Cancer and Infectious Diseases


Through interdisciplinary collaborations, the cluster aims at discovery and optimization of anticancer and/or antimicrobial lead compounds that combat emerging multidrug resistance. These are validated by in vitro and in vivo models. Our mission is to:

• Design peptides/peptidomimetics and small molecules that combat multidrug-resistant bacterial infections and identify novel targets

• Develop and apply cutting-edge technologies for identification of natural products with potential as antibiotics and chemotherapeutic leads

• Explore and validate novel anticancer compounds and targets



In a recent study published in Antibiotics, Hansen and coworkers describe the synthesis of C-locked analogues of the antimicrobial peptide BP214 which is an efficient strategy for obtaining cyclic lipopeptides.


In a recent study led by Daniela De Zio and Elena Papaleo (Danish Cancer Society and DTU) published in Cell Death and Disease, a new bioinformatic tool Cancermuts, able to retrieve, annotate and prioritize cancer-associated mutations, was presented. Cancermuts can predict the pathogenic impact of missense cancer variants in any protein target. To validate the tool, AMBRA1 mutations in melanoma, where AMBRA1 is highly mutated and displays a tumor-suppressive role, were selected as a case study.


In a recent study published in International Journal of Molecular Sciences, Hansen, Sheykhzhade and coworkers describe the synthesis of three different fluorescent analogues of α-calcitonin gene-related peptide with potent vasodilator activity. The analogues are promising tool compounds for further studies of the mechanism for internalization of CGRP receptors in live tissue and neuronal reuptake of the α-CGRP peptide.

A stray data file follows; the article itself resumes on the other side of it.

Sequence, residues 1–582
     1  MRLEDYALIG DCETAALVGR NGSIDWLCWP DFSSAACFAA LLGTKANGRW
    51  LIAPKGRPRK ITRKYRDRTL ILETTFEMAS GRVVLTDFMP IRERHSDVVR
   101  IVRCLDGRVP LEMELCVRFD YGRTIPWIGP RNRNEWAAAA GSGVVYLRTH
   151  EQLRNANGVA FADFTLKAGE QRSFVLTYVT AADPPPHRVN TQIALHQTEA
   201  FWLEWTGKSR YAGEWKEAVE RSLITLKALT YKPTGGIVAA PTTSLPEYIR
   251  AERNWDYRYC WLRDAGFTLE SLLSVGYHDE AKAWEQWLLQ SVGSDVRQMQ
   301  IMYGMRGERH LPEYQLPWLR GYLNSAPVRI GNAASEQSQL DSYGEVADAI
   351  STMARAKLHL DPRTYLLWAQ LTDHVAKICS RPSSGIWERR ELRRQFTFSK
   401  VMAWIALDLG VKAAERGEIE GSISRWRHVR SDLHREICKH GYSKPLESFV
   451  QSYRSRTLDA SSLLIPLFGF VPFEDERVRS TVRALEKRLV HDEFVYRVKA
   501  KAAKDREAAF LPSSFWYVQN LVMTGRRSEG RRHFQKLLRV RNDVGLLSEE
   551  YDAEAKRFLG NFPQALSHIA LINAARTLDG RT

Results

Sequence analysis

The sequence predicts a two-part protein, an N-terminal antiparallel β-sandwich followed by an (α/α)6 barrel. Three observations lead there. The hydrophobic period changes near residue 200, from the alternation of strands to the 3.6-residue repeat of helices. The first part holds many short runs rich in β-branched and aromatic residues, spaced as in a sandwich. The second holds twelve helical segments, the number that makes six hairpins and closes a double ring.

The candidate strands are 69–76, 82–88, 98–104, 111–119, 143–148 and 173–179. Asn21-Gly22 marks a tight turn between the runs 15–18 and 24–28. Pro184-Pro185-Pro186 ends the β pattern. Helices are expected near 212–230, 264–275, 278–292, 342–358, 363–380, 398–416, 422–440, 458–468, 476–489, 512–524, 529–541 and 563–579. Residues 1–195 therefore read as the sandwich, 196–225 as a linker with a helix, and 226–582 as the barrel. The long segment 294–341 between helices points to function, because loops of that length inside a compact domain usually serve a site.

In a collaborative study led by Jan Stenvang and Dan Staerk, a natural product isolated from the Australian desert plant Eremophila galeata was shown to inhibit the Breast Cancer Resistance Pump (BCRP) involved in multidrug resistance. Docking studies show that the isolated compound binds to the same BCRP site as the active metabolite of the natural product-derived irinotecan, and this discovery opens up for design of new drug leads for reversal of BCRP-mediated multidrug resistance.















Cluster Leader

Henrik Franzyk
Associate professor

Communications representativ

Communications Representative

Dan Stærk